indigenous peoples Archive

  • Prehistoric paintings on vertical rock faces in an Amazonian wilderness in Colombia were recently photographed and filmed for western eyes. The pretense of this British filmmaker as the "discoverer" of the paintings is of course ludicrous. The once populous Karijona Tribe most likely painted these masterpieces, and continue to live uncontacted in the vast rainforest, and anthropologists and explorers have studied the region for hundreds of years.

    Colombia: Stunning Indigenous Rock Art from Amazonia

    Prehistoric paintings on vertical rock faces in an Amazonian wilderness in Colombia were recently photographed and filmed for western eyes. The pretense of this British filmmaker as the "discoverer" of the paintings is of course ludicrous. The once populous Karijona Tribe most likely painted these masterpieces, and continue to live uncontacted in the vast rainforest, and anthropologists and explorers have studied the region for hundreds of years.

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  • Jack Eidt of WilderUtopia spoke on the dangerous race for global control by the Chinese through mega-development projects such as the Gran Canal of Nicaragua and the Trans-Amazonian Railway, both with major human rights, ecological, and indigenous sovereignty consequences.

    Jack Eidt on the Nicaraguan Canal and Trans-Amazonian Railway

    Jack Eidt of WilderUtopia spoke on the dangerous race for global control by the Chinese through mega-development projects such as the Gran Canal of Nicaragua and the Trans-Amazonian Railway, both with major human rights, ecological, and indigenous sovereignty consequences.

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  • The amazing bison, revered by native societies, survives despite its continued sacrifice at the demand of the cattle industry. While slaughter continues at the borders of Yellowstone National Park, bison managers consider alternative management policies. Also watch the documentary, "Silencing the Thunder."

    Silencing the Thunder: Bison Management in Yellowstone

    The amazing bison, revered by native societies, survives despite its continued sacrifice at the demand of the cattle industry. While slaughter continues at the borders of Yellowstone National Park, bison managers consider alternative management policies. Also watch the documentary, "Silencing the Thunder."

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  • Two documentary films chronicle the struggle of the Huichol or Wixárika People to protect their culture and spiritual connection with the ancestors, through the journey to Wirikuta, where peyote grows, now threatened by mining and development interests.

    Peyote Guardians: The Huichol Struggle of Life and Spirit

    Two documentary films chronicle the struggle of the Huichol or Wixárika People to protect their culture and spiritual connection with the ancestors, through the journey to Wirikuta, where peyote grows, now threatened by mining and development interests.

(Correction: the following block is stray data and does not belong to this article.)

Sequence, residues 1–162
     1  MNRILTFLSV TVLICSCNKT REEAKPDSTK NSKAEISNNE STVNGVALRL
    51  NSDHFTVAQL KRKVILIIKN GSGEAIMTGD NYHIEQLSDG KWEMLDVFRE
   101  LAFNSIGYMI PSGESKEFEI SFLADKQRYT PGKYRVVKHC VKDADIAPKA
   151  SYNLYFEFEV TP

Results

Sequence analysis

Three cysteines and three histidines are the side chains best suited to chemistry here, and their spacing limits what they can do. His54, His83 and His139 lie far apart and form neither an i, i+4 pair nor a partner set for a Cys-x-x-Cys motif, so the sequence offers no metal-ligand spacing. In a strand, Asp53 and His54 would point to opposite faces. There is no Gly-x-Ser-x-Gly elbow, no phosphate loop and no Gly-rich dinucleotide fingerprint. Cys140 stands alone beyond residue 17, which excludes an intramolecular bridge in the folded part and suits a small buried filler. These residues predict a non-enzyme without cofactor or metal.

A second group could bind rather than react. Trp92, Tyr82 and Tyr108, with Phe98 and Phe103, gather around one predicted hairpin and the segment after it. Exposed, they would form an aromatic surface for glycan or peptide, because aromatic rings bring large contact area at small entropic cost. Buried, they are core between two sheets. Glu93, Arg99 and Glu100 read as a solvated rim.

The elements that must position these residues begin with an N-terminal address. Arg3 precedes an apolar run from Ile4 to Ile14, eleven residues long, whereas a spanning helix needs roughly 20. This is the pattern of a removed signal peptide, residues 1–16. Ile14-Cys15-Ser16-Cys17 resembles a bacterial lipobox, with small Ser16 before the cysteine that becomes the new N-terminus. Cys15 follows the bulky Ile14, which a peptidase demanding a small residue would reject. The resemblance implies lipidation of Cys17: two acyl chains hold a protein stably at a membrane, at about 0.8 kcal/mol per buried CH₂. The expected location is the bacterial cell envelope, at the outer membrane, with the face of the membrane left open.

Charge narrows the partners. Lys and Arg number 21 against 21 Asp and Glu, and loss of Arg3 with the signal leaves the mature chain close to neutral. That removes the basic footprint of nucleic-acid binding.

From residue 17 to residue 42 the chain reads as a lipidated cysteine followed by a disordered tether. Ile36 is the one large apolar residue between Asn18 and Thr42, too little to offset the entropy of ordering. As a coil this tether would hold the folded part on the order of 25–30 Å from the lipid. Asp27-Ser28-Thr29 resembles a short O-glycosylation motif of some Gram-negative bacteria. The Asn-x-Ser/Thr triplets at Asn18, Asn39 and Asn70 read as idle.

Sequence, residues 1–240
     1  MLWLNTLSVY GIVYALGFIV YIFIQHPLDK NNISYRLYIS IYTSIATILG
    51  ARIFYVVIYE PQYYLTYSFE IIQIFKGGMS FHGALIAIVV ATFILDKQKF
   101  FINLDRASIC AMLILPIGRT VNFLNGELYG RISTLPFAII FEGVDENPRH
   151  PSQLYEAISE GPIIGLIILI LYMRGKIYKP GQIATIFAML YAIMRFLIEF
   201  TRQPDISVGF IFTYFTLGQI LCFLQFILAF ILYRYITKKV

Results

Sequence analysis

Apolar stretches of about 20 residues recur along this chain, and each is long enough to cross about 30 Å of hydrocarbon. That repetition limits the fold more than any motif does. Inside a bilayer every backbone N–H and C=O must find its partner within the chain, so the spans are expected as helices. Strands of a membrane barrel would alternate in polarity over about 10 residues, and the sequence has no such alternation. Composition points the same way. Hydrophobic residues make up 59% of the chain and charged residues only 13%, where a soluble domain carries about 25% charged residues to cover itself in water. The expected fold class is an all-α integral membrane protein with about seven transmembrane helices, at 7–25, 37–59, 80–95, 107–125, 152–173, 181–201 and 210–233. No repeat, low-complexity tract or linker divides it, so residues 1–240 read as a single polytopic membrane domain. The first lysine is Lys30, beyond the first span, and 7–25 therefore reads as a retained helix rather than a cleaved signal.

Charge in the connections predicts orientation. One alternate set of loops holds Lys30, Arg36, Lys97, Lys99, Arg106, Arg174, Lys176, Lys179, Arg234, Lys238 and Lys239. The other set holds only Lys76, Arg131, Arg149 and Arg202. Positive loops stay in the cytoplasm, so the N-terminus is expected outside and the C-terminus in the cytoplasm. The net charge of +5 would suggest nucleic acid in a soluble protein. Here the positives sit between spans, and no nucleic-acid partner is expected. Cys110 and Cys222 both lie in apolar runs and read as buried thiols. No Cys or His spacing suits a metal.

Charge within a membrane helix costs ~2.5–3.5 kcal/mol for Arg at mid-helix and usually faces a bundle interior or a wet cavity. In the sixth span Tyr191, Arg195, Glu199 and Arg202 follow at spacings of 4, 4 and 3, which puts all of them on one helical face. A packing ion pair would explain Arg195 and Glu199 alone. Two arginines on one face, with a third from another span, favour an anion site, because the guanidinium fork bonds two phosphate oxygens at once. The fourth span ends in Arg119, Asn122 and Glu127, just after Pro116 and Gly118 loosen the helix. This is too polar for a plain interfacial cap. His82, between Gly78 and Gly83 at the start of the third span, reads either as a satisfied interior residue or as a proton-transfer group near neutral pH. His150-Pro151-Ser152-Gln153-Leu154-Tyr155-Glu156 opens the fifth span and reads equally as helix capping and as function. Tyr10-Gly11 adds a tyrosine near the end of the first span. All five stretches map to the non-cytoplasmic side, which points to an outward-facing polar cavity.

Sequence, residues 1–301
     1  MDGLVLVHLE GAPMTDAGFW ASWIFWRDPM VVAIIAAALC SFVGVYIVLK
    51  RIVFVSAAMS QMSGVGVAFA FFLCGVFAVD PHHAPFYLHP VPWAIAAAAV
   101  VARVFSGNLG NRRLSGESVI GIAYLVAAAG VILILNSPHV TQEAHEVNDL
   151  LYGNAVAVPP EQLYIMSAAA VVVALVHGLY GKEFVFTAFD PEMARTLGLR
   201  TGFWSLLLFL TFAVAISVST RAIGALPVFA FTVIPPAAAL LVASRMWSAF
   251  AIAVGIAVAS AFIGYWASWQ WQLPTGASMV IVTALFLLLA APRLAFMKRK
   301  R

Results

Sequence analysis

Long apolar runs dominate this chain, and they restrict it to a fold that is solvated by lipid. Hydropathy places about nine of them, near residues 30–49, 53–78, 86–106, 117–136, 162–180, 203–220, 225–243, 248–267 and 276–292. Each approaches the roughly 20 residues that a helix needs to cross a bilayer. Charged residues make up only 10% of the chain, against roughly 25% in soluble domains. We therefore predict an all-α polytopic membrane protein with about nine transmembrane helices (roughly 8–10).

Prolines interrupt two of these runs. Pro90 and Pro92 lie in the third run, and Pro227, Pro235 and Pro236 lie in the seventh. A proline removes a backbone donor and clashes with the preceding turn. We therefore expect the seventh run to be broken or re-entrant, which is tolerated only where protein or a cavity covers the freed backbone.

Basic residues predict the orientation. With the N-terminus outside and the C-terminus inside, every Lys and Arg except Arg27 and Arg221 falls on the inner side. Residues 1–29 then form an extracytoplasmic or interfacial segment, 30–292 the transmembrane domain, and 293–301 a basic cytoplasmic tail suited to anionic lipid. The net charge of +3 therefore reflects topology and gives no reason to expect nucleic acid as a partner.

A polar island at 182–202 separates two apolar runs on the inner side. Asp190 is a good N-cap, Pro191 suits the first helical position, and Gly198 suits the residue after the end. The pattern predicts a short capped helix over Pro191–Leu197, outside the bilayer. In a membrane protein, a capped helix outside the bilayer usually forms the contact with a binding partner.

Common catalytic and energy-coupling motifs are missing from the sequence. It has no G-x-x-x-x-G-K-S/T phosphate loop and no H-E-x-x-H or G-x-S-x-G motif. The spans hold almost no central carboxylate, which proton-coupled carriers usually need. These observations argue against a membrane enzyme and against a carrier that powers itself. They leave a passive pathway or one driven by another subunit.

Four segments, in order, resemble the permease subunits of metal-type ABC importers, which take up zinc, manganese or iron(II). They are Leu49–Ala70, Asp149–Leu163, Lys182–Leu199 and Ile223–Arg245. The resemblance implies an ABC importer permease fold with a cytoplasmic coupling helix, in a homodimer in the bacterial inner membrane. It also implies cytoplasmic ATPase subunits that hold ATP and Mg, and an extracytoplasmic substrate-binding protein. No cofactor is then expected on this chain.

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  • The Nukak People of Colombia have been forced from their homes by illegal armed groups, in the latest attack against the country’s most recently-contacted tribe. Mining, palm oil, cattle ranching and coca threaten the majority of the country's 102 indigenous communities.

    Thirty-Four Colombian Tribes Face Extinction

    The Nukak People of Colombia have been forced from their homes by illegal armed groups, in the latest attack against the country’s most recently-contacted tribe. Mining, palm oil, cattle ranching and coca threaten the majority of the country's 102 indigenous communities.

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  • Northern Shoshone Myth on how the Wolf, father of the native people, defeated the white-man's father “Iron-Man,” documented by Robert Harry Lowie in 1909.

    Shoshone Myth: Wolf Challenges the Euro-American “Iron-Man”

    Northern Shoshone Myth on how the Wolf, father of the native people, defeated the white-man's father “Iron-Man,” documented by Robert Harry Lowie in 1909.

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  • Hear the Buffalo is a heartfelt plea to preserve the last wild bison roaming Yellowstone National Park, their significance in Native American culture, and the ongoing injustices they experience by attempts to manage populations outside the park in Montana.

    Hear the Buffalo – A Film By Gene Bernofsky

    Hear the Buffalo is a heartfelt plea to preserve the last wild bison roaming Yellowstone National Park, their significance in Native American culture, and the ongoing injustices they experience by attempts to manage populations outside the park in Montana.

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  • Art Cisneros is a Chumash elder and firekeeper. The Chumash People are the original native peoples of the central California Coast. Art holds the sacred space for their annual Tomol crossing to Limu on the Channel Islands. Lately, he has undertaken a series of ceremonies focused on healing humanity's relationship with the climate, responding to the ongoing drought and extreme weather, prayers that he shared with the people at the Great March for Climate Action LA Launch on March 1, 2014, in the Port of Los Angeles.

    Chumash Elder Speaks on Healing Humanity and the Climate

    Art Cisneros is a Chumash elder and firekeeper. The Chumash People are the original native peoples of the central California Coast. Art holds the sacred space for their annual Tomol crossing to Limu on the Channel Islands. Lately, he has undertaken a series of ceremonies focused on healing humanity's relationship with the climate, responding to the ongoing drought and extreme weather, prayers that he shared with the people at the Great March for Climate Action LA Launch on March 1, 2014, in the Port of Los Angeles.

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  • Watch the full documentary on the Huichol journey to Wirikuta, where they travel every year to collect peyote. The pilgrimage take place with the intention to return to where life originated and heal oneself and the community.

    Pamparios: A Trip with the Huicholes to Collect Peyote

    Watch the full documentary on the Huichol journey to Wirikuta, where they travel every year to collect peyote. The pilgrimage take place with the intention to return to where life originated and heal oneself and the community.